Revision 3 for 'Iliolumbar artery'

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Iliolumbar artery

The iliolumbar artery is one of three branches of the posterior division of the internal iliac artery.

 

Summary:

·      origin – posterior division of the internal iliac artery.

·      location- pelvis

·      supply- ilium, iliacus muscle, psoas major muscle, quadratus lumborum muscle, erector spinae muscle, anterior superior iliac spine anastomoses, foramen between L5 vertebrae and sacrum.

·      branches - iliac and lumbar branches

 

Gross anatomy:

Origin:

The iliolumbar artery originates from the posterior division of the internal iliac artery. It proceeds posteriorly and the superolaterally toward the iliac fossa. Here it divides into iliac and lumbar branches.

 

Branches:

The iliac branch supplies the  iliac fossa. The lumbar branch proceeds laterally to wards muscles of the posterior abdominal wall, which it subsequently supplies.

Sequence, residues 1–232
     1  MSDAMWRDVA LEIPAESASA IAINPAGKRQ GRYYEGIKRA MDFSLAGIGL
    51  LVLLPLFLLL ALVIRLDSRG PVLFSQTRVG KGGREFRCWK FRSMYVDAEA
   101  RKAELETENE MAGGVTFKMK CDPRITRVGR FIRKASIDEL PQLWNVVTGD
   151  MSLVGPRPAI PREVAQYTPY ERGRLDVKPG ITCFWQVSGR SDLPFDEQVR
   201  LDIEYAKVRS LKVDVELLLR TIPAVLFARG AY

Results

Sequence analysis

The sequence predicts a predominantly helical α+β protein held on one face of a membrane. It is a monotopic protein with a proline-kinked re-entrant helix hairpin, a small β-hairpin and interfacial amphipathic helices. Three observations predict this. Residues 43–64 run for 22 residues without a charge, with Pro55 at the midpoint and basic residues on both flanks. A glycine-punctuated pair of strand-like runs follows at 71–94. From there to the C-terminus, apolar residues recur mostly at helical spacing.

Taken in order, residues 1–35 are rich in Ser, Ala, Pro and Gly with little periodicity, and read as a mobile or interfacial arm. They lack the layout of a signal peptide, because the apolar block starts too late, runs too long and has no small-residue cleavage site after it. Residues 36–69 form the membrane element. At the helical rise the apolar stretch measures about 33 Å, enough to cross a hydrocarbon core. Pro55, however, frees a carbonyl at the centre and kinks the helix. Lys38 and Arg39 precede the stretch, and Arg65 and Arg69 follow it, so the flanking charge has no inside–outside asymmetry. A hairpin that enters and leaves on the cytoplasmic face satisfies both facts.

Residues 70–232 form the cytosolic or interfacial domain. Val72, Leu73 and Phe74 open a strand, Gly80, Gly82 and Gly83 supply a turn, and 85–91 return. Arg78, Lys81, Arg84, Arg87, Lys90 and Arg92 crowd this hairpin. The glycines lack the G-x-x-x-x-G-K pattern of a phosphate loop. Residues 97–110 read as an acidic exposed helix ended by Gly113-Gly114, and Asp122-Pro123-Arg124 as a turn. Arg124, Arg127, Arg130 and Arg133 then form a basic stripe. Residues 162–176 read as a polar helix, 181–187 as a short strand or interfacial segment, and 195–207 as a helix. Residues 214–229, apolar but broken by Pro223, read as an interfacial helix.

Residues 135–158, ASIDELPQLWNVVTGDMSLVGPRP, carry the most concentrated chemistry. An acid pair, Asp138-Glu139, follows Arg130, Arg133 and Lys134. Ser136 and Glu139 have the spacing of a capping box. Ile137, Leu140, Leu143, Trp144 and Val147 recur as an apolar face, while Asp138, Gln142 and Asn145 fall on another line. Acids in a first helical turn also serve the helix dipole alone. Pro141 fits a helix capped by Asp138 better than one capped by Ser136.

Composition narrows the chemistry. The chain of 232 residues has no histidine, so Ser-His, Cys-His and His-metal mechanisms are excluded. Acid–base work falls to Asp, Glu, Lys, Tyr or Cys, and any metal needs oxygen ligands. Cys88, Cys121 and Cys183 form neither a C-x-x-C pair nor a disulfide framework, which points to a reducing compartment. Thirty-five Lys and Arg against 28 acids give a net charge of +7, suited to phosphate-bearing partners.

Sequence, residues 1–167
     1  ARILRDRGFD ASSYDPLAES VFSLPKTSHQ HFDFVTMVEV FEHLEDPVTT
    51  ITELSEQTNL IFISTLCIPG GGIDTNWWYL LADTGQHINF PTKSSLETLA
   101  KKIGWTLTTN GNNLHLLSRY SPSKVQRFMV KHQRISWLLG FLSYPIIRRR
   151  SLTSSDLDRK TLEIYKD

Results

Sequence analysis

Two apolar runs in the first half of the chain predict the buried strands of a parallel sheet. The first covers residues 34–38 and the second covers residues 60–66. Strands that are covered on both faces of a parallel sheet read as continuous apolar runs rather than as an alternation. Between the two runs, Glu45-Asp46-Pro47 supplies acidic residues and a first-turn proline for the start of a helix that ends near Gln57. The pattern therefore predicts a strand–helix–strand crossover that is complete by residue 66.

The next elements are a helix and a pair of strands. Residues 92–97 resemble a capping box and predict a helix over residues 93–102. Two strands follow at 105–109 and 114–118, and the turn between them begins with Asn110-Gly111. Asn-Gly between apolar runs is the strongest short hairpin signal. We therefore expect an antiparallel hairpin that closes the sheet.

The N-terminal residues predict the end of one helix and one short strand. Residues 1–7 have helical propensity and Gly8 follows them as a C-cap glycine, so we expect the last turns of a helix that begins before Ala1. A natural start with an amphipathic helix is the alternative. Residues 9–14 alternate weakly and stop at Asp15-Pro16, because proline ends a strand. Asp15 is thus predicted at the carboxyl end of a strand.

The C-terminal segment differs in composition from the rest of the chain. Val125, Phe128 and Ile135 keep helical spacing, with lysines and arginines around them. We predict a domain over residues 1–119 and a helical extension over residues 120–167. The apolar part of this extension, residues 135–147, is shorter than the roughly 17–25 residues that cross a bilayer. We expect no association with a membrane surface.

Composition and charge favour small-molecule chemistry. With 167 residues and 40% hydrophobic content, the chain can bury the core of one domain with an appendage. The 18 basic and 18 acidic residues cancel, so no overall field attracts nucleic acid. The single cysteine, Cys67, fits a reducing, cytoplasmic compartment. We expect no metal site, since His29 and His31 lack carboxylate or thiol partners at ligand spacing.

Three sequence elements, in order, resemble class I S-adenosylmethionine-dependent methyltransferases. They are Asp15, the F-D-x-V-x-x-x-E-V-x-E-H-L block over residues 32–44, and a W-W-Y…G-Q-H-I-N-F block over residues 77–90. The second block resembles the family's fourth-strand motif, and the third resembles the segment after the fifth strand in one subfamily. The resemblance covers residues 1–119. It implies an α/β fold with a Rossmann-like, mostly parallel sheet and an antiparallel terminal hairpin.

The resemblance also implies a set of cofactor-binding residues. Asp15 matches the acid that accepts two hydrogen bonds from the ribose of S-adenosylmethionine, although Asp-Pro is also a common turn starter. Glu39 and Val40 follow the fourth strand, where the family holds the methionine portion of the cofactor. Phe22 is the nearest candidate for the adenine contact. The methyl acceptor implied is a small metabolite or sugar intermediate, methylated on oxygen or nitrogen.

Supply:

The iliac branch of the iliolumbar artery supplies the ilium and iliacus muscle as well as contributing to anastomoses around the anterior superior iliac spine. 

 

The lumbar branch supplies the foramen between L5 and S1. It proceeds towards psoas major and quadratus lumborum, which it also supplies. It extends posteriorly and also gives supply to the erector spinae.

 

Variant Anatomy:

The iliolumbar artery is often quoted as the first branch of the posterior division of the internal iliac artery, however the order may vary. It may come directly off the internal iliac artery, the common iliac artery, or off other branches of the internal iliac artery.  

 

Related Pathology:

The iliolumbar artery may be injured in trauma.

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